NortonLifeLock, the company that offers the consumer products Broadcom didn’t want when it bought Symantec, has started to offer Ethereum mining as a feature of its Norton 360 security suite.
The antivirus maker's pitch for the product rests on the argument that casual cryptocurrency miners can't or don’t take security seriously – perhaps by running iffy code that might just steal their money – and so here's a trusted tool to safely craft coins for them.
“For years, many coinminers have had to take risks in their quest for cryptocurrency, disabling their security in order to run coinmining and allowing unvetted code on their machines that could be skimming from their earnings or even planting ransomware,” NortonLifeLock asserted this week.
Worse still, NortonLifeLock claimed, miners will likely store their digital wallets, containing their precious coins, on hard drives that can fail. The company says, funnily enough, a better approach is to have its computer security software mine Ethereum while it runs, then store the results in the Norton cloud.
The feature has been added to select customers’ installations, and “is expected to become available to all Norton 360 customers in the coming weeks.”
Where to start with this one? One thing that stands out is NortonLifeLock’s assertion that hard drive failure is a risk to your crypto wallet, an oddity given that hard drives' mean-time-between-failures now stretches into the millions of hours, at least according to their manufacturers.
The announcement also has a few notable omissions. While there is a mention of using idling PCs to make some coin, NortonLifeLock hasn’t said anything about performance impacts nor how quickly users could expect to mine a coin.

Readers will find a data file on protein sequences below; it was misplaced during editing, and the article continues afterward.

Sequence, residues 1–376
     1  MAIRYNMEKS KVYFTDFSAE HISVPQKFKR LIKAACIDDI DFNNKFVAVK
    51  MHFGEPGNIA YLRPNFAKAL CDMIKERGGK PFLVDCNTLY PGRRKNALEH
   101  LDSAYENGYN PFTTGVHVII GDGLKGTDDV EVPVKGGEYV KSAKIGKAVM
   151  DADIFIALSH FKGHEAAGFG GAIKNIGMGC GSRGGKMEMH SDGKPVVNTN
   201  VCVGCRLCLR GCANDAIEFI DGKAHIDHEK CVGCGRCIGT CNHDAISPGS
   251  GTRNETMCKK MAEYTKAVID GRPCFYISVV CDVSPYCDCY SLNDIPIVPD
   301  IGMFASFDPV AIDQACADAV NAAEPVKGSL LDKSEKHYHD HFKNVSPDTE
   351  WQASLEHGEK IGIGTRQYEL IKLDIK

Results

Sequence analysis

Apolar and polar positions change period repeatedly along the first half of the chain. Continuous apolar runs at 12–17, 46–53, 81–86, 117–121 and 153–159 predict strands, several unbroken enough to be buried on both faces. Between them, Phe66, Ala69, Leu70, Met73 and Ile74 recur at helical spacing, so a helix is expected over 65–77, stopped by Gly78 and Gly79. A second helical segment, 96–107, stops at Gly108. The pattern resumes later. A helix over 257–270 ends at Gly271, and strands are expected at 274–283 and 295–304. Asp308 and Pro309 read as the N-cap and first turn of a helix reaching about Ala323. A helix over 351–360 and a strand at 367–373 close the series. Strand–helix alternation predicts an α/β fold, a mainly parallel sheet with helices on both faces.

The announcement also contains a footnote about certain hardware being required but doesn’t name that hardware. A supplied screenshot depicts use of a “primary” GPU. Plenty of PCs make do with integrated graphics processors, and it is unclear if NortonLifeLock proposes to use those, and what would happen if a customer started to do something that wants access to either the baked-in graphics chipset or any discrete GPUs. It’s also unclear if a dedicated GPU will be necessary.
Nor has NortonLifeLock said how its “Norton Crypto” wallets will operate, or how users will be able to use the wallets to convert coins to cash or ultimately buy stuff with Ethereum. There’s also no mention of what NortonLifeLock stands to gain by managing a fleet of customer PCs all mining cryptocash. The Register can imagine NortonLifeLock could end up sitting on a stack of ETH before its customers cash out.
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The stuff about miners being insecure may well be right, but also feels a bit fuzzy as it is not hard to find Ethereum mining apps that run on PCs.
Also unmentioned is whether NortonLifeLock will allow the product to operate in jurisdictions such as China, where cryptocurrencies are all-but-banned, or India where cryptocurrency is frowned upon.
But as a marketing ploy, this product could be a winner. Windows Defender has commoditized personal security software and made purchases of third-party products feel unnecessary. NortonLifeLock is now dangling a product that promises better security and that it might eventually pay for itself. And not just pay for itself but also pay handsomely in the long run: the value of Ethereum has risen almost 1,000 percent in the past twelve months, and more than 10 per cent in the past 24 hours alone. ®